Marcos Fact Checks

FALSE: Nostradamus predicts Bongbong Marcos will lead Philippines in 2022

Rappler
FALSE: Nostradamus predicts Bongbong Marcos will lead Philippines in 2022
Nostradamus never mentioned 'pearl of the orient seas' in his book of prophesies. There is no historical record of anyone using that term until 1751, almost two centuries years after Nostradamus’ prophesies.
At a glance
  • Claim: Nostradamus foretold that former senator Ferdinand “Bongbong” Marcos Jr. would rule the Philippines.
  • Rating: FALSE
  • The facts: Nostradamus never mentioned in his book of prophesies the name Bongbong Marcos nor the term “pearl of the orient seas,” referring to the Philippines. There is no historical record of anyone using the term “pearl of the orient seas” until 1751, 196 years after Nostradamus’ prophesies.
  • Why we fact-checked this: As of writing, a video circulating on Tiktok containing this claim has received 16,300 likes and is still accumulating views and interactions. It was uploaded on June 24.
Complete details

According to a Tiktok video posted on June 24, French astrologer and physician Michel de Nostredame, better known as Nostradamus, supposedly predicted that the Philippines would be ruled by Bongbong Marcos.

An account with the username “@ericp765” uploaded the video and has 77,500 followers so far. The video has 16,300 likes, as of writing.

The voice-over in the beginning of the video said that Nostradamus predicted the following: “Isanglibo’t siyam na raan limangput pito (1957), may isang sanggol na isisilang sa Luzon, ito’y sanggol ng kapayapaan at ng hustisya, at dugo ng pag-ibig, isang inosenteng bata ang isisilang sa pinagpalang lupa ng perlas ng silangan.”

(In 1957, a baby will be born in Luzon, a baby of peace and justice, blood made of love, an innocent child will be born in the blessed land of the pearl of the orient.)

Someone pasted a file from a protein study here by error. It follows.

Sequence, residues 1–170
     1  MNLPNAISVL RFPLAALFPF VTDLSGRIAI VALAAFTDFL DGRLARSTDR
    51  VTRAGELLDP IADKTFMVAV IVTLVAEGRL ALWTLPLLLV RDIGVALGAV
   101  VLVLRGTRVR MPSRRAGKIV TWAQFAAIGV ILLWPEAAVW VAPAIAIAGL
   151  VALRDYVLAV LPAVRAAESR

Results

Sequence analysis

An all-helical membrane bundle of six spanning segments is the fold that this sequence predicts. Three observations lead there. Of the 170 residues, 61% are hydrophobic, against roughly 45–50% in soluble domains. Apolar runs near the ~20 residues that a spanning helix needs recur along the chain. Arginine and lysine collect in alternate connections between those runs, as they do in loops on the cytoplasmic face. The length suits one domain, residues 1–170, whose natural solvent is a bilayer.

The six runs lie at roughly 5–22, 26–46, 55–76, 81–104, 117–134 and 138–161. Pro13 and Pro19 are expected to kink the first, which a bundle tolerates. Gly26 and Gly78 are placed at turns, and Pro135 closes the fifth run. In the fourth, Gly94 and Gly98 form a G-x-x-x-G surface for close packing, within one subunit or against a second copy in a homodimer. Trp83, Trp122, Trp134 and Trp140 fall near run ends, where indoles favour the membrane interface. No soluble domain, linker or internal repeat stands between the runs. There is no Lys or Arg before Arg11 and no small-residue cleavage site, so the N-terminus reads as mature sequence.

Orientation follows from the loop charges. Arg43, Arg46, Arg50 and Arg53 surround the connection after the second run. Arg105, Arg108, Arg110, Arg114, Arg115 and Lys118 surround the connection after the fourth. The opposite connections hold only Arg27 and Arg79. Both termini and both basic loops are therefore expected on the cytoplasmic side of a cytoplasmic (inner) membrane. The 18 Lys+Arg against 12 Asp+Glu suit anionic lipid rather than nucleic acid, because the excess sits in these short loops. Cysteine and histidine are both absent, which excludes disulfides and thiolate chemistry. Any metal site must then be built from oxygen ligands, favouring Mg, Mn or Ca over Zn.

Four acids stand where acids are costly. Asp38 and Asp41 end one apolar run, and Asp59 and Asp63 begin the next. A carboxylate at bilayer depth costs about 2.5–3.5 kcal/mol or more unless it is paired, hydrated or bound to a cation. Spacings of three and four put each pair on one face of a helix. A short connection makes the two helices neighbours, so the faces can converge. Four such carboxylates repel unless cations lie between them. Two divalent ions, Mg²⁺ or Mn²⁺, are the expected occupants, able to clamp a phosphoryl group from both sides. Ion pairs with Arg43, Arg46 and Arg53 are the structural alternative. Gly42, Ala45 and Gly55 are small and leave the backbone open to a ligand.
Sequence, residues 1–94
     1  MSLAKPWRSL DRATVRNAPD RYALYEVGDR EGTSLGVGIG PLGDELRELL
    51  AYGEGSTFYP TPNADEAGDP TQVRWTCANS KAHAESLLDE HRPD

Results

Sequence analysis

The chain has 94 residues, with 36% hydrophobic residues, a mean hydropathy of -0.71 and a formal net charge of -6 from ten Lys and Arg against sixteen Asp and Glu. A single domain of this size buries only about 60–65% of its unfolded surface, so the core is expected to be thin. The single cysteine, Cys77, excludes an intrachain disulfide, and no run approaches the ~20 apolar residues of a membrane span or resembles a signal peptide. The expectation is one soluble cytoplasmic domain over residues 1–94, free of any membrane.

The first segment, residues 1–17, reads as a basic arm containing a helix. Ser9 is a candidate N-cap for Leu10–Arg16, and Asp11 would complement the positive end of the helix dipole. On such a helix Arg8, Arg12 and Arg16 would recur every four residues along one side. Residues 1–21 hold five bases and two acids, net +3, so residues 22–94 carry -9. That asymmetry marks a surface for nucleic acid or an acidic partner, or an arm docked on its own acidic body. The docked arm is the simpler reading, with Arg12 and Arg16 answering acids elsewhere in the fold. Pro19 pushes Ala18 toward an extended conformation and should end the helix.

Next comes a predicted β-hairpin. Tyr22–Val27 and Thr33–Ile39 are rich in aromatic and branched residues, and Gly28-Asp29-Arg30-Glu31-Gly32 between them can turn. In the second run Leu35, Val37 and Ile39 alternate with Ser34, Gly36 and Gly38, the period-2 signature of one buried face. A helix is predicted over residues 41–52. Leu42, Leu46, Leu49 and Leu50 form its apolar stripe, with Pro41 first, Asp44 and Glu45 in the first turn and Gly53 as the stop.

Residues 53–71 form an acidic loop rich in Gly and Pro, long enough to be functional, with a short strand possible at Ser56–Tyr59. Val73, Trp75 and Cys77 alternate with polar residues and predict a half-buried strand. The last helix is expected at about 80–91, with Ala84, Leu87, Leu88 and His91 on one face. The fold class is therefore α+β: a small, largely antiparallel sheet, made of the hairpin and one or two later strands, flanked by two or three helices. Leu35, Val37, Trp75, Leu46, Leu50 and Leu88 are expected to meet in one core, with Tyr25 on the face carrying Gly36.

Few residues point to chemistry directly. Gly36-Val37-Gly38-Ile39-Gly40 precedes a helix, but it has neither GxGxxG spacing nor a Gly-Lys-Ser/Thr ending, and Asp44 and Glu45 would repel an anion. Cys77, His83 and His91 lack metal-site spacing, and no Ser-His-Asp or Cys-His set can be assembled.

Later on in the video, it says that part of Nostradamus’ supposed prophecy stated that Marcos would rule the Philippines in 2022, after the presidency of Rodrigo Duterte.

This claim is false. Nostradamus made no such prophecy.

Searching for the words and phrases in the English version of Nostradamus’ book of prophesies did not return any quatrain that contained the word “pearl” or “Luzon.”

All of Nostradamus’ quatrains were written in a vague, unspecified manner. In the alleged foretelling of the death of King Henry II of France, he never mentioned the name of the king but he wrote,  “The young lion will overcome the older one, On the field of combat in a single battle; He will pierce his eyes through a golden cage, Two wounds made one, then he dies a cruel death.”

According to the book Philippines (Cultures of the World) by Lily Rose R. Tope and Detch P. Nonan-Mercado, published in 2002, the priest and historian Fr. Juan J. del Gado was the first to address the Philippines as the “Perla Del Mar De Oriente” or the “Pearl of the Orient Seas” in 1751. This is approximately two centuries after Nostradamus’ book was published in 1555. The term was also popularized by Jose Rizal in his work Mi Ultimo Adios (1897).

Fact-checking outlets like Politifact and Snopes have also debunked fake Nostradamus prophesies before.

Aside from the video on Tiktok, several versions of this claim are also circulating online. One text version of the claim in English refers to the 2016 election: “By the 16th year after the new millennium of the twenty-first century, a new leader shall rule the pearl of the orient (The Philippines) island in Asia. His name has eight letters, beginning [with] the second of the alphabet (That’s letter B for Bongbong). This man shall change the history of the whole world and every man shall shout his name twice like the sound of a big bell (Bongbong).” This passage is also not in Nostradamus’ book.

Marcos ran for the vice presidency in 2016 and lost to Vice President Leni Robredo. The Supreme Court, sitting as the Presidential Electoral Tribunal, on February 16 unanimously dismissed the electoral protest filed by Marcos against Robredo.

Marcos and Robredo are running for president in the 2022 elections. – Angelica Flores Juan/Rappler.com

Angelica Flores is a graduate of Rappler’s fact-checking mentorship program. This fact check was reviewed by a member of Rappler’s research team and a senior editor. Learn more about Rappler’s fact-checking mentorship program here.

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